Many people say they suffer from post-traumatic stress disorder, but there is another term that is perhaps more accurate, and that is perpetration-induced traumatic stress.
Brandon Bryant, for example, he stayed in the program up to the point at which he took the life of a child and was asked to write up that incident as having killed a dog. His humanity could no longer cope with that way of thinking. That’s a good thing; I do think it’s important that pilots examine their moral and ethical culpability. I don’t think it’s wise to have just gung-ho pilots at the control. Because I do think if you take life, as you point out, in circumstances in which civilians are killed, without serious consideration for the strategic blowback consequences, it is not helpful to have pilots that are very happy to pull the trigger, not from a human point of view and not from a strategic point of view.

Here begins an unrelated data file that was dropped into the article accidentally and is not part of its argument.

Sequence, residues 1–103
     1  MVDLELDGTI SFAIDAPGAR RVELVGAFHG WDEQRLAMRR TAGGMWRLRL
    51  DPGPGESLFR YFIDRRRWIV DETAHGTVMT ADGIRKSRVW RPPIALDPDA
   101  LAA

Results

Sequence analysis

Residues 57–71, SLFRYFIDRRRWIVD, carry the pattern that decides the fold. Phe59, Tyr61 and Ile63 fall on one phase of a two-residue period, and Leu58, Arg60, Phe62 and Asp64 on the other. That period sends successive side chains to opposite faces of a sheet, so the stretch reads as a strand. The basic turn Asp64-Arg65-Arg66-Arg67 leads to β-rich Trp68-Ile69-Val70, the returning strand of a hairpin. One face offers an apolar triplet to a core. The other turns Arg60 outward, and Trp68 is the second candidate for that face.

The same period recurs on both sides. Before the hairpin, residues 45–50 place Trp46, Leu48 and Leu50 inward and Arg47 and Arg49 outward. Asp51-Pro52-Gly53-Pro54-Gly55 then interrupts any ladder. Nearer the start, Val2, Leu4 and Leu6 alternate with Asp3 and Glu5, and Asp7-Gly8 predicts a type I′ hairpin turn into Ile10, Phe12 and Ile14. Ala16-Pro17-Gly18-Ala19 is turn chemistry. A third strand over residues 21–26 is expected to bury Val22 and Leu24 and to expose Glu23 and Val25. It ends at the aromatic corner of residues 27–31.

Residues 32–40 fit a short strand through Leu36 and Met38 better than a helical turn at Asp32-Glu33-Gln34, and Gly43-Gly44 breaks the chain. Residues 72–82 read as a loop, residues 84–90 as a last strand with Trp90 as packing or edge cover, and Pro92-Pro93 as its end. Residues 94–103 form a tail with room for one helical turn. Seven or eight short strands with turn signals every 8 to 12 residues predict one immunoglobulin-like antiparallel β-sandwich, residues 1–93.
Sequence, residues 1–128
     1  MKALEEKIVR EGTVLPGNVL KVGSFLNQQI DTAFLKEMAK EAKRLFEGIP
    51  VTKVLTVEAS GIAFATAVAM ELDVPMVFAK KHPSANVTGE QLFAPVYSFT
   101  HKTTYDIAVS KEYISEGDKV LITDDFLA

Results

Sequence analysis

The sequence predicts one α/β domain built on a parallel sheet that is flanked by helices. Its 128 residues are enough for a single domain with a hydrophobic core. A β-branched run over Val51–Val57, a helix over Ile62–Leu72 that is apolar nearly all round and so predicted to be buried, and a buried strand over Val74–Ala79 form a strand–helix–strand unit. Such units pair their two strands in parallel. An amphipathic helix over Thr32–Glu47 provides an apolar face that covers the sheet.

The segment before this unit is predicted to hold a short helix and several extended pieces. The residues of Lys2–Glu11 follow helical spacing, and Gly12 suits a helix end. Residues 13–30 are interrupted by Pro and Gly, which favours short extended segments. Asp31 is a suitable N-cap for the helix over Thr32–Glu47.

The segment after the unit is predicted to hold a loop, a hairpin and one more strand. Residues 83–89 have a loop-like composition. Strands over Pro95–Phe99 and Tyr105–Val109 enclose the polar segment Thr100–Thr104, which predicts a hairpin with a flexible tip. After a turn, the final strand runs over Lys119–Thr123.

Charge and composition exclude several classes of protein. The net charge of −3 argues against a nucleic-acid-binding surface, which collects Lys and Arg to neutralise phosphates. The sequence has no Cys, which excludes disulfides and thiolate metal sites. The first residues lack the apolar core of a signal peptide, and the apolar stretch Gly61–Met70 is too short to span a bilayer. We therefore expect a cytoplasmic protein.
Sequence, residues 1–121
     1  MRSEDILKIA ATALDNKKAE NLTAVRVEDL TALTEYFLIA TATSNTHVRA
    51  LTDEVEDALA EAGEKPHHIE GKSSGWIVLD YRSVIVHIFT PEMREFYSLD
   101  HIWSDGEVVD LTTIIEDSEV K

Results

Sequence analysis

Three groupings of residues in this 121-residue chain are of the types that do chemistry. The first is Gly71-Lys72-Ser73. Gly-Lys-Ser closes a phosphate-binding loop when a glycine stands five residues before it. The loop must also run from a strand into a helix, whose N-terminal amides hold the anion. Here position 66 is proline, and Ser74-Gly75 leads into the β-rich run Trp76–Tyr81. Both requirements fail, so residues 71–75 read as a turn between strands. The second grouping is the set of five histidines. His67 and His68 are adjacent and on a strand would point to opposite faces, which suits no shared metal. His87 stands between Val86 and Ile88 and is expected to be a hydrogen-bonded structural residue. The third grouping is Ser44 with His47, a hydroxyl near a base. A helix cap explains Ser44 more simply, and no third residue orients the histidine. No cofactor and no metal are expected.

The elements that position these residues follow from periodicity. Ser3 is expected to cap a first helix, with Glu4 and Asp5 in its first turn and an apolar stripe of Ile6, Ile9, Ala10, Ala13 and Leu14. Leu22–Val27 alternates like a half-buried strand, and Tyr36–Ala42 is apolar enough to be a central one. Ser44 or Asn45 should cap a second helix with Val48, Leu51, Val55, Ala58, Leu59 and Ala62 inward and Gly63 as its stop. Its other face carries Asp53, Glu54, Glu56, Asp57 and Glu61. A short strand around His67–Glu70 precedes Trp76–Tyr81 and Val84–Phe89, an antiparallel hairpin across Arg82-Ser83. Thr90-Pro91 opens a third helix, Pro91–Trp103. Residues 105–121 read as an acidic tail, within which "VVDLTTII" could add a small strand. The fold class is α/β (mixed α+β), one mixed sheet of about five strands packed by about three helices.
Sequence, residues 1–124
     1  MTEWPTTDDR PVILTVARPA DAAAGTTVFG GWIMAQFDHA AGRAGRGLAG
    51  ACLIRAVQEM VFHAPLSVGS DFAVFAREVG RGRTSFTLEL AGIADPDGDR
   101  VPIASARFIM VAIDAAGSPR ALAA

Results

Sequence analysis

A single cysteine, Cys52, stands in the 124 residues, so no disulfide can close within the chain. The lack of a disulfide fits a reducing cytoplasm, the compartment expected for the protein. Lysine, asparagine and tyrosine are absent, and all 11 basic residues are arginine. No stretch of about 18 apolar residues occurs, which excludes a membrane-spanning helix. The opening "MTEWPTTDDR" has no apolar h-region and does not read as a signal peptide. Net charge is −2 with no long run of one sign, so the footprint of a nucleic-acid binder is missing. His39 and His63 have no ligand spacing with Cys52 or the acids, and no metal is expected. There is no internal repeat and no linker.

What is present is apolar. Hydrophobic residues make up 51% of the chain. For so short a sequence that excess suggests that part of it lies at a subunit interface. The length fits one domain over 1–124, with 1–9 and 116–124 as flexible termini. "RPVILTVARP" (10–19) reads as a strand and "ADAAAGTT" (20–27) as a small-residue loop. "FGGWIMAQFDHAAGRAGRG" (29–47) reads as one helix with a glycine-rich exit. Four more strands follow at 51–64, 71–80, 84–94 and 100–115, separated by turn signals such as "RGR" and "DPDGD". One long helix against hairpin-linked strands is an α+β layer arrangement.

Drone In the film, we meet a lot of the key players involved in the operation, but we don’t actually get to know that much about the motivations of the target of the strike, Susan Danford, beyond what you might call her ‘metadata,’ her general characteristics. Was that in order for the audience to replicate the environment of being in the position of somebody who has to make these decisions over whether to proceed with the attack?